X-MEN: FIRST CLASS

Overall Impression – Perfunctory storytelling meets lack of charisma.

THE FOUR QUESTIONS

Who’s your main character? – Erik Lehnsherr (Magneto).

What’s he trying to accomplish? – Professional: Kill Sebastian Shaw. Personal: Work with Charles Xavier to find and recruit fellow mutants.  Private: Create the family he was deprived of as a child.

Who’s trying to stop him? – Sebastian Shaw, the U.S. Military, and ultimately Charles Xavier.

What happens if he fails? – His mother’s death goes unavenged and he and his fellow mutants are reviled and killed.

THE FOUR ARCHETYPES

Orphan – Erik is a true orphan, losing both of his parents in the Holocaust and particularly his mother whom he witnesses being shot by Shaw.

Wanderer – After the war is over, Erik roams the world, looking for the man who killed his mother.  In the course of his travels from Geneva to Argentina and finally Miami, Erik finds Shaw and is ready to kill him, but fails.  He is rescued by Charles Xavier who has been recruited by the CIA to also help defeat Shaw.

Warrior – Erik teams up with Xavier to find and recruit additional mutants and take the battle back to Shaw.

Martyr – Driven by revenge, Erik is willing to go after Shaw on his own.  Successfully killing Shaw, Erik is now confronted by the full fury of US military.  Confirming his feeling that mutants will never be accepted, he is about to destroy the ships that are firing on him and his “family” with their own missiles, but gives that up only after Xavier is accidentally wounded by Erik’s own actions.

AND, IN THE END…

Trying to hit that all important superhero, sci-fi, bromance demographic, X-Men: First Class does everything mostly right on paper but is ultimately undone by both the lack of depth of the individual characters and lack of emotional connection between the characters.  Putting characters together into the same scene is not the same as characters coming together in a scene, and therein lies the problem with this film.  All the pieces are in the right places, but with the exception of Erik their inner lives are as bland as porridge.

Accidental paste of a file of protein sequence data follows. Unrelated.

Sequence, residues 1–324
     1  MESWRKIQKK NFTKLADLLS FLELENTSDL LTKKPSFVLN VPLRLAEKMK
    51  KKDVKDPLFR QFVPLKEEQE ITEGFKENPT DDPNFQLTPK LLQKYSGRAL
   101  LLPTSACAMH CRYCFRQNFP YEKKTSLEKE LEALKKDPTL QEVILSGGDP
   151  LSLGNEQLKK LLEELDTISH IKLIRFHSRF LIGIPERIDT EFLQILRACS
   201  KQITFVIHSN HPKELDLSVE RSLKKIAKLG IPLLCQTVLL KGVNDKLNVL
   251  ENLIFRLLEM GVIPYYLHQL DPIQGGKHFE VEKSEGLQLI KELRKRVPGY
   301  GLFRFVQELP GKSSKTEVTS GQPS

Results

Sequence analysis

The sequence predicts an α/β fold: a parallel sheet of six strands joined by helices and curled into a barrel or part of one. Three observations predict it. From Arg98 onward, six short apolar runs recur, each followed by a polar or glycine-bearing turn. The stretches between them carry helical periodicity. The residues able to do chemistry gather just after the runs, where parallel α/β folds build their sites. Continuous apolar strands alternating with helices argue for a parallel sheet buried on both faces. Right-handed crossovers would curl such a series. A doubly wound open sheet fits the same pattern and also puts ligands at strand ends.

Structurally, things are sound if somewhat unexciting.  The mutant teens are sound and unexciting.  The villain is sound but unexciting.  The settings are…well…you get the idea. Working with a lot less, director Matthew Vaughn really kicked our a**es with Kick A**. Moral compass unease aside, that movie had characters with no super powers, no political background to play against (X-Men: First Class shows us what was “really”  going on during the Cuban missile crisis), and a smaller canvas to paint upon, yet the hurt and depth and the complexity of the characters was much, much more than this motley group of mutants can put forth.

To quote Andrew O’Hehir from salon.com, “there’s something a little depressing about all the hype and excitement surrounding X-Men: First Class.”

— Jeffrey Alan Schechter

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